The Scottish government is expected to make a decision later today about whether to bring forward legislation which would allow gay couples to marry when it publishes details of a public consultation today.
The Scottish government has said it “tends towards the view” that gay couples should be allowed an equal right to marry to straight couples, and that religious bodies should not be forced to hold wedding ceremonies against their beliefs.
The public consultation on marriage ended in December with 80,000 responses. Results are expected to be released this afternoon.
With support from the leaders of Scotland’s main political parties and from a majority of members of the Scottish parliament, the most vocal opposition has come from the head of the Catholic Church in Scotland, Cardinal Keith O’Brien.
Supporting the Scotland for Marriage anti-equality campaign, he has called the idea of marriage equality a “gross subversion of a universally accepted human right” and yesterday called for a referendum on the issue.
Scotland for Marriage said if advocates “believe their own hype” and the results of regular opinion polls which show support for marriage equality, they should have the “guts” to put it to a public vote.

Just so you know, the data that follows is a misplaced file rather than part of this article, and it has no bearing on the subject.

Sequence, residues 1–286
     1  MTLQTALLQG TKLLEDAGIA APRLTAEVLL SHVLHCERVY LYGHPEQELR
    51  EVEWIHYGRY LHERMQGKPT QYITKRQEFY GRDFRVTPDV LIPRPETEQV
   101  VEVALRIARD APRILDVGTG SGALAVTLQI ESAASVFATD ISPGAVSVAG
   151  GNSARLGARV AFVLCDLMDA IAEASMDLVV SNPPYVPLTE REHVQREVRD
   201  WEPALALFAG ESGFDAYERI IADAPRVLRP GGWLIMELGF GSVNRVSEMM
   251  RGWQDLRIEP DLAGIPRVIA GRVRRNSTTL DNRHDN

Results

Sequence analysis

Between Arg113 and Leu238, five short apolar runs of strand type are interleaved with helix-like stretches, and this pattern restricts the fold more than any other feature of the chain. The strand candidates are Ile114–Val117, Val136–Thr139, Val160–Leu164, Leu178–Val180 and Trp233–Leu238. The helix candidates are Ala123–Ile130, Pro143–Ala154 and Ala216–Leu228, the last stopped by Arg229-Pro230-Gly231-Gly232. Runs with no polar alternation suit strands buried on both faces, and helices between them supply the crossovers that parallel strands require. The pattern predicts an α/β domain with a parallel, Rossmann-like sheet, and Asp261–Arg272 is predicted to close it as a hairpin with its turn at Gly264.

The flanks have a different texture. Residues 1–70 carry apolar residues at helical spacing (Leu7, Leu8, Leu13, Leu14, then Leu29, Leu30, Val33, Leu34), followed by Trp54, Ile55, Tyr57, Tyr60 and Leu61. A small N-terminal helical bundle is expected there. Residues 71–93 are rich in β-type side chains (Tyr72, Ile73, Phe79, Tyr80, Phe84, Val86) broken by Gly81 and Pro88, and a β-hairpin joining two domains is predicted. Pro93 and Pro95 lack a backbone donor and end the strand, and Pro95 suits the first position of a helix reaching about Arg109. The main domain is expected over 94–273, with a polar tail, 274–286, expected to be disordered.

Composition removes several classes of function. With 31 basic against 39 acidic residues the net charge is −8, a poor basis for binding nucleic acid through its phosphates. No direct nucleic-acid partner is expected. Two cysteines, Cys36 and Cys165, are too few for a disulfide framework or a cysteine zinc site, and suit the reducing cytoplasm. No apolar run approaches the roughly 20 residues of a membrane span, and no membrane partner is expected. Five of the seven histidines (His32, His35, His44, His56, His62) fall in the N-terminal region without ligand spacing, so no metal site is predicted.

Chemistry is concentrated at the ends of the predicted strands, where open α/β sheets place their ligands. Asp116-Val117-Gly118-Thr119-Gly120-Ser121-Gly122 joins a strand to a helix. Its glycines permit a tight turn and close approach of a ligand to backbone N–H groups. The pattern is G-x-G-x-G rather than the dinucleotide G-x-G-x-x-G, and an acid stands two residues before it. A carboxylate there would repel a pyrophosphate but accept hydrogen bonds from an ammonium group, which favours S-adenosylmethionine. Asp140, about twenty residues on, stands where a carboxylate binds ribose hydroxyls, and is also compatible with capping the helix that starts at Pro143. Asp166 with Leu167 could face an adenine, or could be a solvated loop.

The Equality Network said it would be “un-Scottish, unfair and a colossal waste of taxpayers’ money” to put to a public ballot an issue which the government was elected with a manifesto commitment to decide.
He said the strong political consensus meant Scotland was “likely” to become the twelfth nation and the first part of the UK to allow gay couples to marry.
A statement by the Scottish government earlier this month that the decision would be delayed until “next month” was retracted after it was discovered the statement had been written in June, not July, so the month it meant to refer to was in fact July, not August.
The Cabinet will meet early this afternoon with a press briefing expected to take place a few hours later.
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